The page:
The earthquake activity at Kistufell (Bárðarbunga volcano)

There is been a highly localized earthquake swarm in Kistufell area in the highland. This area is well known in Iceland for high earthquake activity and often makes earthquakes that are close to Mb5.0 in size. The current earthquake swarm is rather small in comparison to many earthquake swarms that have taken place in this area before.

This does not mean that there is going to be a eruption there. As this area is highly activate in regards to tectonics forces in this area. But this area can erupt and has done so in the past. But this area belongs to the Bárðarbunga volcano and it has fissure types of eruptions when it erupts.

Here is a picture with the activity of this area in December 2009. As can be seen there, this area has a lot of earthquake activity almost all of the time. The text with the picture can be found here in Icelandic. Use Google Translate with the normal risks involved.

66 Replies to “The earthquake activity at Kistufell (Bárðarbunga volcano)”

  1. 😮 With 90%
    03.02.2011 23:54:43 64.747 -17.250 3.2 km 2.8 90.04 4.2 km SSW of Kistufell
    03.02.2011 23:49:40 64.754 -17.252 2.5 km 3.0 90.04 3.6 km SW of Kistufell

  2. Wow, Kistufell is certainly a bit lively at the moment. Perhaps an eruption might follow soon!

    1. we don´t think so.

      the area is known for quite intense tectonic quakes – so far the swarm seems to be minor.

      at the moment the seismicity beneath myrdalsjökull looks more interesting.

    1. No worries. Depending on which of two activities you where refering to it is either a storm that passed over, or some activity that happened after a large quake (well, relatively) in the south east of Katla caldera.

    1. That was the quake that caused that. It was rather large, I think it was about 2,5, nice depth and in the southeast rim of the caldera.
      It made Snaebyli and Lagu-Hvolar “bubble and burp” a bit.
      My interpretation was that Katla tok a zip of beer, vomited in her mouth, swallowed it down and went back to bed. Ie, another aborted eruption.
      These abortions seems to be going around a lot right now.
      But, sooner or later the “vomeratoria ultima icelandica” will open for business again.

  3. Just wondering. The must be some magma chambers which have never erupted ever yet. Do we know where they are? I guess Godabunga is one of them? How about others?

    1. Hm, good question. I think Askja has a crypto-dome to, but I am not sure.
      I think there is a lot of unknowns concerning the locations of crypto-domes in Iceland.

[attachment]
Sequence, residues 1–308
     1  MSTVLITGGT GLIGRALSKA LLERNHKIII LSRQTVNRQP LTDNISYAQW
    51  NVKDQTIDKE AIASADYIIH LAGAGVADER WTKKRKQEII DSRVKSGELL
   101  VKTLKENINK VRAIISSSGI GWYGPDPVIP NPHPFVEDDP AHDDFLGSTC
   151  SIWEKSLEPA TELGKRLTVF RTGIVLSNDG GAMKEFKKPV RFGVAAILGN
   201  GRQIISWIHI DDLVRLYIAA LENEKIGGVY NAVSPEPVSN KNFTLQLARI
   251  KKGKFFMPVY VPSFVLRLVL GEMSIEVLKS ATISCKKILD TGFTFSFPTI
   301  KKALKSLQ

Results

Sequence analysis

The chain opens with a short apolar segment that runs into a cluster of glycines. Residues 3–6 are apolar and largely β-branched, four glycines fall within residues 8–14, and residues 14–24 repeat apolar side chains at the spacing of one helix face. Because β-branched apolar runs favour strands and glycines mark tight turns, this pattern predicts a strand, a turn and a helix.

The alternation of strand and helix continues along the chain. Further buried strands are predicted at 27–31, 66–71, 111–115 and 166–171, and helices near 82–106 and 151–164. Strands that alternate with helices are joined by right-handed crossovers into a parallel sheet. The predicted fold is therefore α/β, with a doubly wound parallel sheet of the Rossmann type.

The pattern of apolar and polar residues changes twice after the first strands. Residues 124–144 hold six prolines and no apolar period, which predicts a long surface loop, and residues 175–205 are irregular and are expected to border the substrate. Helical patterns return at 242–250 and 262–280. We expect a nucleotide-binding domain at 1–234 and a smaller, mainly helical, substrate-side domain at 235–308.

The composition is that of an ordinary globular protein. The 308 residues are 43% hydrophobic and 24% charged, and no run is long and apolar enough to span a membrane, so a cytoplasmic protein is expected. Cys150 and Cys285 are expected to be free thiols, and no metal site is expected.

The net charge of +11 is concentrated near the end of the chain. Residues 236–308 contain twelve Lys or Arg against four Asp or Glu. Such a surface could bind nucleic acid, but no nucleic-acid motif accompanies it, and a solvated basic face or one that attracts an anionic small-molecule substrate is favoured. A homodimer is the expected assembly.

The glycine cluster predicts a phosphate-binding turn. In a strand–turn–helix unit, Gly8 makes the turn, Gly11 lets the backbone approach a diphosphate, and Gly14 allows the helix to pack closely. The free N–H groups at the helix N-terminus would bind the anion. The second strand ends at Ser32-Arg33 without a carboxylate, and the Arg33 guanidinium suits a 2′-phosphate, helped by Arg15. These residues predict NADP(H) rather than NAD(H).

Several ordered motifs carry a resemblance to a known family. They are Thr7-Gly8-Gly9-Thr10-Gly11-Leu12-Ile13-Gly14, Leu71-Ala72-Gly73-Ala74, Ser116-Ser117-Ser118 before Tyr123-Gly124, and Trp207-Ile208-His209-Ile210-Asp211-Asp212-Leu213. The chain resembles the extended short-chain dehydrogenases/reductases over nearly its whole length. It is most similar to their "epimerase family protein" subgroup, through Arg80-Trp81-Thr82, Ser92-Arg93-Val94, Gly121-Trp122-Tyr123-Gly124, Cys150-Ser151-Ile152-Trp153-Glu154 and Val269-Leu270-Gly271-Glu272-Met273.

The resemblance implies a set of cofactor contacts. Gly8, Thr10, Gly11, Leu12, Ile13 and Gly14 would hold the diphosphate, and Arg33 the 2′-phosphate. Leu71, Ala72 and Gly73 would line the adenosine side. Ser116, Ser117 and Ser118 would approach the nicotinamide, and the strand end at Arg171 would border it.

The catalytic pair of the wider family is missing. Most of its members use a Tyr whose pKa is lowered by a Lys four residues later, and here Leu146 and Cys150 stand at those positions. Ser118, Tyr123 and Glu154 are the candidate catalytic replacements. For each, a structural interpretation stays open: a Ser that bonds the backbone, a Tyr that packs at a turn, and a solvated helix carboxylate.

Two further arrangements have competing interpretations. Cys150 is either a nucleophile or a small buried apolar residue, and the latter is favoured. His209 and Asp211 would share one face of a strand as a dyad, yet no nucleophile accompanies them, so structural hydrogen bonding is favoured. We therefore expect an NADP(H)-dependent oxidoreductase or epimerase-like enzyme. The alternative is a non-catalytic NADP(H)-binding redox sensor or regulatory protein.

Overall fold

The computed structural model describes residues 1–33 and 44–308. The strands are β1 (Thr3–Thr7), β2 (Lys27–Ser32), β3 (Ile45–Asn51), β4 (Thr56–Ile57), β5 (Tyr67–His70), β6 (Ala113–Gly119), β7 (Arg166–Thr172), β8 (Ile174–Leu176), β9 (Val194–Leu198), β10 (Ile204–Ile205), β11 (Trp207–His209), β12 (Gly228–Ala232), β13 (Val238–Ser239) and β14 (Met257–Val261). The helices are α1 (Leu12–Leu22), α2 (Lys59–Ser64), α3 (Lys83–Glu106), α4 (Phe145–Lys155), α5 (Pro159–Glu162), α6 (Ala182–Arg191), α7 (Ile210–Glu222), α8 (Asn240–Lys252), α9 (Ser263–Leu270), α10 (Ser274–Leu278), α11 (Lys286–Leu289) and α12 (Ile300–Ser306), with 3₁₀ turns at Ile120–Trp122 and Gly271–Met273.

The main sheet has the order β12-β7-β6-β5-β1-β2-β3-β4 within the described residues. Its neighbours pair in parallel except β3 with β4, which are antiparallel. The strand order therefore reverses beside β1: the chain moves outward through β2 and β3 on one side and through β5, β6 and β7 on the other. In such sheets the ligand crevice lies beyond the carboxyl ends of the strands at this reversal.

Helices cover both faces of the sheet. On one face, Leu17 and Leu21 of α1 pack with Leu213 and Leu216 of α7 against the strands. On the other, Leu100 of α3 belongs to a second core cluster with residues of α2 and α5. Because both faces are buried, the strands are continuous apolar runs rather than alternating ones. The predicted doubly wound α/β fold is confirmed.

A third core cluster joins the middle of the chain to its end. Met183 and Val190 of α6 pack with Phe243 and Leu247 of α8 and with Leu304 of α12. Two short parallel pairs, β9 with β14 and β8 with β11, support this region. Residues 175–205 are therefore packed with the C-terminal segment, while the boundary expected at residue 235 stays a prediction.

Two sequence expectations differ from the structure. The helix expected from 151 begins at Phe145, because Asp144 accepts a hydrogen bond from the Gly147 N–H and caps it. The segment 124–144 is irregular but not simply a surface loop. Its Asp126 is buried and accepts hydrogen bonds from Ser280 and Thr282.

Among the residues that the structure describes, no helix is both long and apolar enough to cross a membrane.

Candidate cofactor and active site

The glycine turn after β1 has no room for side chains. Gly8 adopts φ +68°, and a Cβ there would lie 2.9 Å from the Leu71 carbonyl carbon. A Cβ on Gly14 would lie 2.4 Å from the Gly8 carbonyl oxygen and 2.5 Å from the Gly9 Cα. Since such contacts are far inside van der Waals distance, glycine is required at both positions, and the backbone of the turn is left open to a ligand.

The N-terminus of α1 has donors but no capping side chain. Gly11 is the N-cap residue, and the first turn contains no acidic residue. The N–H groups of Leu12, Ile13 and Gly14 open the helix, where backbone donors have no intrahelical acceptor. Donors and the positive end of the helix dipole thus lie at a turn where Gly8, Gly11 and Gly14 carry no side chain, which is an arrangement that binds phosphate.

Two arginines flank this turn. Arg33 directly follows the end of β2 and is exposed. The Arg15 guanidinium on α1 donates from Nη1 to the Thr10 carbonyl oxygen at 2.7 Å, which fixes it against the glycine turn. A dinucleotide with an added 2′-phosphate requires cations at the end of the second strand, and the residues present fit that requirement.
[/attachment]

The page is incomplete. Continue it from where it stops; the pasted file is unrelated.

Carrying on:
But there should be some around. One of them is probably under Burfell/Isakot at Hekla. But the place I would guess there are quite a few of them would be at the new volcanic zone (new only in the sense of geological ages) in the eastern part of Iceland. Ie, where you have Esjufjöll and those more unknown dudes. I would guess there are crypto-domes all the way from Esjufjöll upwards.

      But, I am guessing about the eastern zone, and there is only secondary evidence for Askja, and Hekla could also be a dyke with sill intrusions towards Hekla proper.

      1. It would indeed be interesting to know but probably very hard to confirm the prescence of any magma chambers. It is difficult enough to determine the mechanics and size of the well known ones. 🙂

        But an eruption from a so far unknown chamber in a remote place would be very nice to see. A volcano buildup before our eyes..

      2. Well, I think that Godabunga is our best bet for that.
        Would be cool to see a third volcano come to life between Gudnasteinn and Katla.

        (Sorry Renato, Eyja is a shemale. The male volcano of Gudnasteinn (Godstone) lives in the female body of the Eyjafjallajökull (Island mountain glacier) 🙂

      3. And sofar I haven’t really seen hard proof of Godabunga belonging to either Gudnasteinn or Katla. It might after all even be a separate one. And yes, I know what others say about it, but I have my view here;)

      4. There was a very interesting research article I read recently re: the suspected cryptodome under Godabunga but the link I had is now broken. Isn’t there a strong consensus that due to the level of activity there this would be the next likely eruption site?

      5. @RonF:
        No not really.
        There is 4 camps (at least!).
        1. Gudnasteinn erupts again.
        2. Gudnasteinn Erupts again, and Katla follows at number 4.
        3. Godabunga erupts, being either a volcano on its own, a part of Gudnastein, or being a part of Katla. Or showing itself to be the “hidden graal” of connection between Gudnasteinn and Katla.
        4. Katla erupts at Austmannsbunga, that seems to have the most votes among the icelandic volcanologists.

        and then there is five…
        My own theory, that Katla will erupt at the south-eastern rim. That is after all the place that had the weird burpy tremorsignature after the mid-sized quake earlier this week.

    1. is there a possibility to get some kind of access to that document? i don’t have an university student id or something like that.

      it would nice to have a discussion about cryptodomes, because for me this is still a very unknown topic. i mean, i dont really got what exactely a cryptodome is.